Latest stats highlight the inequalities of digital exclusion
By Mark Smith, Digital Content Development Officer
Further stats have just been made available, following the last Welsh Government National Survey, part of which focuses on internet use and access.
Now, we’ve known for some time that you are less likely to be online if you are older, disabled, out of work or living in social housing. If you find yourself in more than one of those categories, you are even less likely to be reaping the benefits of the internet.
The new figures throw up some interesting, perhaps unexpected, results.
In terms of gender, 83% of men reported that they were current internet users, compared with 79% of women. However, there were no differences found between the genders for those aged up to 64. Differences only emerge for those aged 65 or over. 55% of men aged 65 or over use the internet compared with 43% of women. Why is it that a greater percentage of older men are getting online than women of a similar age? What are the barriers facing older women from going online?
With older people, the type of technology used throws up another interesting angle. Laptops and desktop PCs are the devices of choice among the over 65s, according to the stats, with younger people using smartphones and tablets. Does the age of the technology make a difference to the value of the user experience?
When looking at health issues, 62% of people with a limiting long-standing illness, disability or infirmity use the internet, compared with 87% of those without such a condition. As with older people, disabled people and those with enduring illnesses are more likely to be socially isolated and stand to gain a lot from being online.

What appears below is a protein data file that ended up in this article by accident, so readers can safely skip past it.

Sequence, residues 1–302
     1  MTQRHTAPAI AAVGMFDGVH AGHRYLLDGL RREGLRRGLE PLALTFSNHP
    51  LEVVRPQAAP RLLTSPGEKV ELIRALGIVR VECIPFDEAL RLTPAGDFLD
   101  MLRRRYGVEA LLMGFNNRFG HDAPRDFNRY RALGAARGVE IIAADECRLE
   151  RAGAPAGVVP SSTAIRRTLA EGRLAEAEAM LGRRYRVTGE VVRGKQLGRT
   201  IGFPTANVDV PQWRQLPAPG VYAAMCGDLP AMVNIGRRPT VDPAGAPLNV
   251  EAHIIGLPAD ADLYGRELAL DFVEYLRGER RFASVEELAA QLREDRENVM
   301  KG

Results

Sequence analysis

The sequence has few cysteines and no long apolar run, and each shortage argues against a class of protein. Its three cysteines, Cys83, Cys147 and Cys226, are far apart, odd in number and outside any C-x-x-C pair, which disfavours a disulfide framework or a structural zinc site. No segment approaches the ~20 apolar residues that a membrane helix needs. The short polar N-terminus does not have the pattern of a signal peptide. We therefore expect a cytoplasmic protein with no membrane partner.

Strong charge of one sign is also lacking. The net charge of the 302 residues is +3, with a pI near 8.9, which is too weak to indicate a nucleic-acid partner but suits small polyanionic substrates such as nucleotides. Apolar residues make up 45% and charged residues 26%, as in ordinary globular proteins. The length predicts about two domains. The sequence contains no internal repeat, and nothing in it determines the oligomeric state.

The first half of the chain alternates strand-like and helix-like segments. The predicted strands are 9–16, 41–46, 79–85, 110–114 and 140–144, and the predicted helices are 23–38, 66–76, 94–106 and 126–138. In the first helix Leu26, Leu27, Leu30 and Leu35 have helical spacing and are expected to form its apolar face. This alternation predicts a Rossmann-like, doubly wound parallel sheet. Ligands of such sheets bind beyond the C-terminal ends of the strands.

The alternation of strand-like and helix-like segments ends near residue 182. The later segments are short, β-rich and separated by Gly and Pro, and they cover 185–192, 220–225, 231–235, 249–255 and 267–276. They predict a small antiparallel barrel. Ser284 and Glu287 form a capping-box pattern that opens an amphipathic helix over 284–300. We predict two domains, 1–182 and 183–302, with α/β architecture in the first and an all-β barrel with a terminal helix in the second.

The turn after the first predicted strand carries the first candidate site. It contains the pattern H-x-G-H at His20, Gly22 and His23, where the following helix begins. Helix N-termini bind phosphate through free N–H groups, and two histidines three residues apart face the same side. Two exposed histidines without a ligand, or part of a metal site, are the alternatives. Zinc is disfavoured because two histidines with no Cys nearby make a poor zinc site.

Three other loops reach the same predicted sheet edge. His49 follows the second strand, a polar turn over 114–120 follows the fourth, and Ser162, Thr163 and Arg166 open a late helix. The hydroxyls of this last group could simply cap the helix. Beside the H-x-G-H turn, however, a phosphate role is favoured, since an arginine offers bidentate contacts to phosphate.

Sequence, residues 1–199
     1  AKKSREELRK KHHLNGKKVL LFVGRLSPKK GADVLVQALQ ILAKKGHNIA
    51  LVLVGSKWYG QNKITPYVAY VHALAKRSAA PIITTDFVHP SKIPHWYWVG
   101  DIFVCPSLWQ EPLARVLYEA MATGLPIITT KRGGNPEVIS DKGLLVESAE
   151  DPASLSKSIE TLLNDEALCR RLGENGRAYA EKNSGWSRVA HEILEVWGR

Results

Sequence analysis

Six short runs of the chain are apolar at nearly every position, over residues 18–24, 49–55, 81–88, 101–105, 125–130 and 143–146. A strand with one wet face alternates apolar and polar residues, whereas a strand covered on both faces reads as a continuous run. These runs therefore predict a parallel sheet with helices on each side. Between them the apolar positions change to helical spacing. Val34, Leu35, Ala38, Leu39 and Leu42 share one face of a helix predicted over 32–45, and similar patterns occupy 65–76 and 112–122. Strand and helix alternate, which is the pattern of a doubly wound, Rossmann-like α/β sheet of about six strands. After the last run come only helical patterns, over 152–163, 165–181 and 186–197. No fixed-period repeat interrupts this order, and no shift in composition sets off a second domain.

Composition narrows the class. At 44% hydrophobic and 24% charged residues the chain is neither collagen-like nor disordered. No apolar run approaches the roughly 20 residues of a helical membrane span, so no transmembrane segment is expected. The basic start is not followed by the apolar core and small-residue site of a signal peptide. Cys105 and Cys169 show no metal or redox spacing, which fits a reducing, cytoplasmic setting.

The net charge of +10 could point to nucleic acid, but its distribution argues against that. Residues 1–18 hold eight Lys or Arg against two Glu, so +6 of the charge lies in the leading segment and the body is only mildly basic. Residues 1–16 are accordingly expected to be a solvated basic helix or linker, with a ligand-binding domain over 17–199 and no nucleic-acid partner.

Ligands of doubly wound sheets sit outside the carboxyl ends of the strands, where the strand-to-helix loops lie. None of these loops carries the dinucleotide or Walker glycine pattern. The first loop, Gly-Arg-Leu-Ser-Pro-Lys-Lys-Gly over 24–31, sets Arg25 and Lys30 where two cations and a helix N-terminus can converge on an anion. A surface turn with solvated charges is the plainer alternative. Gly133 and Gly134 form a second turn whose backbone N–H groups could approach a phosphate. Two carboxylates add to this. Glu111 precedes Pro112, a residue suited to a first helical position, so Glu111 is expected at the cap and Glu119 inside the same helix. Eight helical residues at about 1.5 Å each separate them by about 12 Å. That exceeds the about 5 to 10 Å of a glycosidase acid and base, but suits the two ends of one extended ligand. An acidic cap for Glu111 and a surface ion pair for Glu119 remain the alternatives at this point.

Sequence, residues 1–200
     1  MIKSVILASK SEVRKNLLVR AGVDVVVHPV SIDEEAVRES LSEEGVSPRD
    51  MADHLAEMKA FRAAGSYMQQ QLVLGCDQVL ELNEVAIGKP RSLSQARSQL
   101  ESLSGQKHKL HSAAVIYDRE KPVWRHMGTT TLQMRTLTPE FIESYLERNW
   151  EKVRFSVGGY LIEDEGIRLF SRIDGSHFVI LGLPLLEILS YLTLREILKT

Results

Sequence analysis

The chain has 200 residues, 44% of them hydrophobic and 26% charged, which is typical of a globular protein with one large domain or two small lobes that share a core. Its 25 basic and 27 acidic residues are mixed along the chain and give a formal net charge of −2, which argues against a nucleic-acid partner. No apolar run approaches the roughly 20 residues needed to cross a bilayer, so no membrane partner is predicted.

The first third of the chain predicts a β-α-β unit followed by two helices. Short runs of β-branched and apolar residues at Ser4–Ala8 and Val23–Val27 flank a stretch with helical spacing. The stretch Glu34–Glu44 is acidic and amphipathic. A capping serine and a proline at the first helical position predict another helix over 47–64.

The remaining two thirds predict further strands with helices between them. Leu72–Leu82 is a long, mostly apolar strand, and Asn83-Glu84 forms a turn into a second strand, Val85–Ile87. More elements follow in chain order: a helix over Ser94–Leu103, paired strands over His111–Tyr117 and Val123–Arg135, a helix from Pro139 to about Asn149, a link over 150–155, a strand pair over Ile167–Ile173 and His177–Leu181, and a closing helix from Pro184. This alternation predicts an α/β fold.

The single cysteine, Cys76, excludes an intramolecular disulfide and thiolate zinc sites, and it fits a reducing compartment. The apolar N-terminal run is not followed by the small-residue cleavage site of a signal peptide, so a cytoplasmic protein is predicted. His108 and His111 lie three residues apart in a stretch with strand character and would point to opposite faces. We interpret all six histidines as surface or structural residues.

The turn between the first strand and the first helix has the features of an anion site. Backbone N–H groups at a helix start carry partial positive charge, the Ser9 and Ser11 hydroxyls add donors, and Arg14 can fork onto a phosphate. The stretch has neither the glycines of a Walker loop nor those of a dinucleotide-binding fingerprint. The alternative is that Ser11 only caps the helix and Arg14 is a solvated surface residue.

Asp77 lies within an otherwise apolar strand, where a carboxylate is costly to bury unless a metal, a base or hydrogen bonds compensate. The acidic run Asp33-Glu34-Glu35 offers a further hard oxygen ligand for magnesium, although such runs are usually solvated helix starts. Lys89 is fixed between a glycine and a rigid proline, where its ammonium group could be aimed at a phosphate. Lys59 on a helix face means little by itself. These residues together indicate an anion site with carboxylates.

Do qualifications matter? The stats seem to indicate so. Of those with no qualifications 44% used the internet; of those with qualifications at National Qualification Framework levels 3 (e.g. A and AS Level) and above, 94% were internet users. Are the former more likely to be out of work and, therefore, need to be online to find a job?
On housing, people in private rented accommodation were the group most likely to use the internet (90%). A lower proportion of people in owner occupied properties (81%) used the internet; and a much lower proportion of people in social housing (69%). You could argue that people in social housing stand to gain the most from being online, as they are more likely to need to search for work and access Universal Credit online, along with other public services.
On Digital Communities Wales, we work with all of the above. Some take it as read that we work with such socio-economic groups for good reasons. These latest statistics help to scratch beneath the surface to show some of the harsh realities faced by those furthest from the modern world of digital technologies, iPads, and social media. Some have pressing issues that they deal with on a daily basis, however, they can be issues that can be helped in some way by being online and that is our mission.